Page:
Saudi’s job market is undergoing a transformation, mostly thanks to government-led initiatives to put more nationals at work.
At the center of this is Saudization, a program a few years in the making but with varying degrees of success for reasons ranging from Saudi youth leaning towards higher paying public sector jobs, to fake private sector jobs created under the guise of Saudization.
Regardless, we look at the latest trends impacting employment in the Kingdom, especially in retail.
The Saudi Gazette reported Prince Mishal Bin Majed, governor of Jeddah, recently inaugurating the Jeddah Localization Training Center at Jeddah, where contracts between companies and job seekers were signed.
Prince Mishal stressed the need to combat unemployment by providing as many jobs for youth as possible highlighting the program’s aims at finding jobs for 5,000 youth of both genders.
Adnan Al-Humaidan, chairman of the University of Jeddah, considered the program as the first integrated training project that provides training followed by guaranteed jobs in the retail sector.
So far companies taking part in this project have offered 6,000 jobs and 6,345 job seekers have been registered, according to the Saudi Gazette.
The training is divided into three levels: The basic level of 24 training days that includes theory and practical parts, advanced levels that includes 12 days of training while the final level is the professional level, which has also set training for 12 days.
The program will help provide local manpower for car showrooms, shops selling auto spare parts, gold, mobiles, electric appliances, medical equipment, sweets, construction material, clothes, children’s eyeglasses, watches, motorbikes, and carpets as well as mobile maintenance and car rentals.
Earlier this year, the governorate of Jeddah has launched a training program to localize jobs in the city with 3,611 Saudis receiving training at 16 retail sectors with 5,809 individuals registering their interest in getting a job and 94 companies looking for qualified young Saudis.
About 490,000 jobs at sales outlets of 12 business activities will be Saudized by the beginning of September 2018, according to Mahmoud Mazi, retail sector development manager at Small & Medium Enterprises Authority, Saudi Gazette reported.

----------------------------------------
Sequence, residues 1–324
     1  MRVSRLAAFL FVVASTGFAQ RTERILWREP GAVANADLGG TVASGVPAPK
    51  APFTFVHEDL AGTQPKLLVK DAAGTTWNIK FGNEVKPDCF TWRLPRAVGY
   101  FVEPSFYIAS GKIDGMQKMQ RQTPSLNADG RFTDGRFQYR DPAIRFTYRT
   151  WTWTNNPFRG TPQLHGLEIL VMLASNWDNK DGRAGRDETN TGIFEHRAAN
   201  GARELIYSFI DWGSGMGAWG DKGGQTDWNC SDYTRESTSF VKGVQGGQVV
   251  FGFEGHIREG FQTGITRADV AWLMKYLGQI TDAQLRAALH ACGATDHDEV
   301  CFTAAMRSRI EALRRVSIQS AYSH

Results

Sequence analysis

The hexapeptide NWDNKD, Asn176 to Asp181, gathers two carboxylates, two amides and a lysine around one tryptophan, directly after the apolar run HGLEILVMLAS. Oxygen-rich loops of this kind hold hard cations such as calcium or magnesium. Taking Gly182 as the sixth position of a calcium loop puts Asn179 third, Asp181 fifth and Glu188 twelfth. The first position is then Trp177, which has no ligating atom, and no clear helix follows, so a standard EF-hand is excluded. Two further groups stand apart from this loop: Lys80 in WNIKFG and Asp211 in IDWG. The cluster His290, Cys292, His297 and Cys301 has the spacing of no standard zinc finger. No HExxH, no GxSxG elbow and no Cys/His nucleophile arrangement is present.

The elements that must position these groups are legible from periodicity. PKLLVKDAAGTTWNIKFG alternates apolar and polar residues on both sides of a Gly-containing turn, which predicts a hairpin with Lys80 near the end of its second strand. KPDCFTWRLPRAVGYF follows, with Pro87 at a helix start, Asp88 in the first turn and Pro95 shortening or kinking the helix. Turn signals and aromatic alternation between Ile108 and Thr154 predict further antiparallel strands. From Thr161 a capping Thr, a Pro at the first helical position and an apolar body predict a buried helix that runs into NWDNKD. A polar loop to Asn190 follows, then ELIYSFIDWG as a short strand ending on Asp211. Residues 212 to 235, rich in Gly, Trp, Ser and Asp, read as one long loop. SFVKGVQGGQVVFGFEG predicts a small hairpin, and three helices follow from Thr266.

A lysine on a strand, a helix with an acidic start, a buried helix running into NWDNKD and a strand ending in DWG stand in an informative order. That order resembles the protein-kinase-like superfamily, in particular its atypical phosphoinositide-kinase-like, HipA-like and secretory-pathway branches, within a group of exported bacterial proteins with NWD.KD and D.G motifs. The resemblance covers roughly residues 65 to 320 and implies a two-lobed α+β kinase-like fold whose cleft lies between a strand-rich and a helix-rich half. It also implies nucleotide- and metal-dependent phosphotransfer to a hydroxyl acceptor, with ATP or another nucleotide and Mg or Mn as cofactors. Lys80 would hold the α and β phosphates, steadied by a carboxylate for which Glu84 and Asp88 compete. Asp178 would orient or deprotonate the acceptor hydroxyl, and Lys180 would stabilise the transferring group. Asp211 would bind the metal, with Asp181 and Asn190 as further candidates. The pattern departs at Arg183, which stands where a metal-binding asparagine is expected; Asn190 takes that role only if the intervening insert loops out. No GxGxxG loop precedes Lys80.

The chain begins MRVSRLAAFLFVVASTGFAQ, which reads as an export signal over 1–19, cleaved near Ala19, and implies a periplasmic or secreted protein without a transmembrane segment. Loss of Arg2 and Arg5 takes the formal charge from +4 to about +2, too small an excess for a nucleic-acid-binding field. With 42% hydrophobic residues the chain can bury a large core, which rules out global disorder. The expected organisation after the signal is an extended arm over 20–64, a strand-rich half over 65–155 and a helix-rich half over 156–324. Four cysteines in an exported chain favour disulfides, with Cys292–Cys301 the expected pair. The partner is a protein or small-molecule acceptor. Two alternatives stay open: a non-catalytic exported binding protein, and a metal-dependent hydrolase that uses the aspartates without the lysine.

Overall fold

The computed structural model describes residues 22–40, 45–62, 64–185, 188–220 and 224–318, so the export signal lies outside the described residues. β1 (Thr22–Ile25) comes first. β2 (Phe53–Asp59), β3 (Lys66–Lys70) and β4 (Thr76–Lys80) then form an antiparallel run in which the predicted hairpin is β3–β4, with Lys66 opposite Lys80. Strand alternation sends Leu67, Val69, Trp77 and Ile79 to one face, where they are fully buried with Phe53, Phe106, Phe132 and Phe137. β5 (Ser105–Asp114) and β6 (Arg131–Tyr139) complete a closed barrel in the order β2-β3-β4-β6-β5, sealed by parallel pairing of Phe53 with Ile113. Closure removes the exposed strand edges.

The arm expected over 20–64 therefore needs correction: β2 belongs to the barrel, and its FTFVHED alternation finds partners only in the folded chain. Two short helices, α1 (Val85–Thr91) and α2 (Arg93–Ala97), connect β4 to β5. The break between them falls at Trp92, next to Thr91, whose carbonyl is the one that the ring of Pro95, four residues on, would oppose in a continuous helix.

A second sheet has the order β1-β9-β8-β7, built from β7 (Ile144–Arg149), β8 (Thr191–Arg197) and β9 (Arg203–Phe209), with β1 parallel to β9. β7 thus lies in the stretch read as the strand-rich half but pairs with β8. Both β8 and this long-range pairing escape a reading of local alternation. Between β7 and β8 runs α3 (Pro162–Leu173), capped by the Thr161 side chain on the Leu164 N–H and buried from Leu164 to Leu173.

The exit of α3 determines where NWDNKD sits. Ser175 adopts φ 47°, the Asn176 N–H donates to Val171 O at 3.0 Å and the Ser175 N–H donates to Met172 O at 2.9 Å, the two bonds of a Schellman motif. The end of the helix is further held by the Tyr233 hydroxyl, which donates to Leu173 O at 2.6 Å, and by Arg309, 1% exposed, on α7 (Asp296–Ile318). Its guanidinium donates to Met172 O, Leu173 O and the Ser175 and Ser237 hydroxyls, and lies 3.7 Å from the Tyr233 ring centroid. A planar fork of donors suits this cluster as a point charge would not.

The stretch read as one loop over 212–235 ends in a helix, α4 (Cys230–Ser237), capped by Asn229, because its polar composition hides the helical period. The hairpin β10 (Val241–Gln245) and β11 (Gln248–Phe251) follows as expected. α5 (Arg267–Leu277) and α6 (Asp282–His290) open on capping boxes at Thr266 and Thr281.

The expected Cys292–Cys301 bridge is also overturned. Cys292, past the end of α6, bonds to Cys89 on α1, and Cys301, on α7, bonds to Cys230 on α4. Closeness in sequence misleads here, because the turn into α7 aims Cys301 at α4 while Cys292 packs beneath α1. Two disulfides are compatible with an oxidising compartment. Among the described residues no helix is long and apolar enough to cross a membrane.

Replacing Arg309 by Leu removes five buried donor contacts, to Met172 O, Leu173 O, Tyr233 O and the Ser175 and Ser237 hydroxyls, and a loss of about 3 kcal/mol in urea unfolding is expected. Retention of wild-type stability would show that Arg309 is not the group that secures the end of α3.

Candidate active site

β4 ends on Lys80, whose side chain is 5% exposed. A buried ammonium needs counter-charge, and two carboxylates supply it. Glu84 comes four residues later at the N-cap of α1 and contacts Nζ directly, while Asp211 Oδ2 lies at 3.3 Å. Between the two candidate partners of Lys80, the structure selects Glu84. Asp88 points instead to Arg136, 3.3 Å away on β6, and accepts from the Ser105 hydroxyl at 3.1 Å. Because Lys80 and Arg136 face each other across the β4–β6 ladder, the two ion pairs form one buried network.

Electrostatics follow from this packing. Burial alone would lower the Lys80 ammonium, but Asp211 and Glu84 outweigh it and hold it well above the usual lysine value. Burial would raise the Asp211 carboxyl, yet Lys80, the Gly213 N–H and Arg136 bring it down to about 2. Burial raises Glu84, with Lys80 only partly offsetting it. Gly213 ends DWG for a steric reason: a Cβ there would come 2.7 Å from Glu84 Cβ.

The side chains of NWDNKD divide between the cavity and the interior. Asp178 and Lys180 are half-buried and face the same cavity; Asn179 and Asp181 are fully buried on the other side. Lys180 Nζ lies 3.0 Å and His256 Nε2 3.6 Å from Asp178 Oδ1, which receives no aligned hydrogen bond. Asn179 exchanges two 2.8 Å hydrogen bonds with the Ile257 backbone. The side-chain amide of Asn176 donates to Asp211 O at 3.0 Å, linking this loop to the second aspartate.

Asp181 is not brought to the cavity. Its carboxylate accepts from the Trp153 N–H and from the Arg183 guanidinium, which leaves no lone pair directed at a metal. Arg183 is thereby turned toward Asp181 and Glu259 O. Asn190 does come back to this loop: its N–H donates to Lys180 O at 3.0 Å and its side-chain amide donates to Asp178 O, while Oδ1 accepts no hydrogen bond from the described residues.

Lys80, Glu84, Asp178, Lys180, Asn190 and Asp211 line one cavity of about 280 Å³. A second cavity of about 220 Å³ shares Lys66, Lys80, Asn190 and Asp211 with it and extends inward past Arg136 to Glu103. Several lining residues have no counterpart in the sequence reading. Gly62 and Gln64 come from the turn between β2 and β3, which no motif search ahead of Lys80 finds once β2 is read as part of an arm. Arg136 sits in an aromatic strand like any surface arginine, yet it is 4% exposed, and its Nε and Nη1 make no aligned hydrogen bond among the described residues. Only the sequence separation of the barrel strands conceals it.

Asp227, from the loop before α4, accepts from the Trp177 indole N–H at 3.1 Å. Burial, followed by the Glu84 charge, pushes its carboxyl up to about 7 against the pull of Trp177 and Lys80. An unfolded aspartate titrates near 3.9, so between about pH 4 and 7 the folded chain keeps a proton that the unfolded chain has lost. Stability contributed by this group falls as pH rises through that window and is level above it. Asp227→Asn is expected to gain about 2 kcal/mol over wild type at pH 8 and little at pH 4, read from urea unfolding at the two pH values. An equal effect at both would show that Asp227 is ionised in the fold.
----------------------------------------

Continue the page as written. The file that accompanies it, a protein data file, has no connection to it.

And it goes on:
“Saudis will be employed in sale outlets for watches, spectacles, car spare parts, medical equipment, electrical and electronic devices, building materials and all types of carpet businesses,” Mazi said.
The new Saudization drive will also cover showrooms for cars, motorbikes and home and office furniture as well as shops for readymade and children’s garments, men’s clothes, and household utensils.
“Big and small retail firms have achieved 24% Saudization, with grocery stores registering 10% of the total Saudi employees in the sector,” Mazi said, adding that related agencies are working to increase Saudization rate from 24 percent to 50% by 2020.
Small firms account for 70% of the retail sector which plays a significant role in the economy as it contributes 10% of the gross domestic product (GDP), according to Mazi.
Financial analysts Argaam said that Saudi Arabia’s Ministry of Labor and Social Development is considering to reduce Saudization rate at 12 retail job types to 70% from 100%, according to the ministry guidelines.
“Certain professions are excluded from the Saudization requirement, mainly opticians, car mechanics, watch and maintenance technicians, tailors, cooks, and confectioners, subject to compliance with the general conditions set by the ministry,” said Argaam.
“One expatriate is allowed to manage a retail shop, which employs ten Saudi citizens for six months from the decision application date,” the ministry said.
“Last January, the ministry issued a directive limiting 12 jobs at various shops to Saudi nationals, starting from the new Hijri year,” Argaam reported.
In the first stage, jobs at car and motorbike shops, men’s and children’s wear, home and office furniture, and home utensils will be nationalized as of September 11, 2018.
Saudization at shops selling electronic and electric appliances, watches and eyeglasses will come into effect on Nov. 9, 2018.
Reuters said that Saudi needs 1.2 million jobs by 2022 to hit unemployment targets, and seeks to do so by focusing on the retail sector in order to reduce unemployment to 9% percent, quoting Ahmed Kattan, deputy minister of labor, telling the media.
Current unemployment stands at 12.8%.
“We are focusing on the retail sector because retail is labor-intensive, a sector that requires medium skills which is aligned with the unemployment supply, so it means we are not pushing the private sector where they cannot find demand,” Kattan said.
Reuters said that some 10 million foreigners are working in Saudi Arabia, in sectors, like construction, that most Saudis shun.
Kattan said 47% of unemployed Saudis have only been educated to high school level or less, making them suitable for retail jobs.
Cutting the jobless rate to 7% by 2030 and raising women’s participation in the workforce to 30% from 22% are among a raft of ambitious targets in a program to diversify Saudi Arabia’s economy and reduce its dependence on oil exports, according to Reuters.
Two-thirds of Saudi workers are employed by the public sector.
Kattan said the authorities were trying to make hiring Saudis more attractive by reducing the wage gap between them and foreigners and limiting employers’ control over foreign workers’ residency permits, which often locks them into long-term contracts.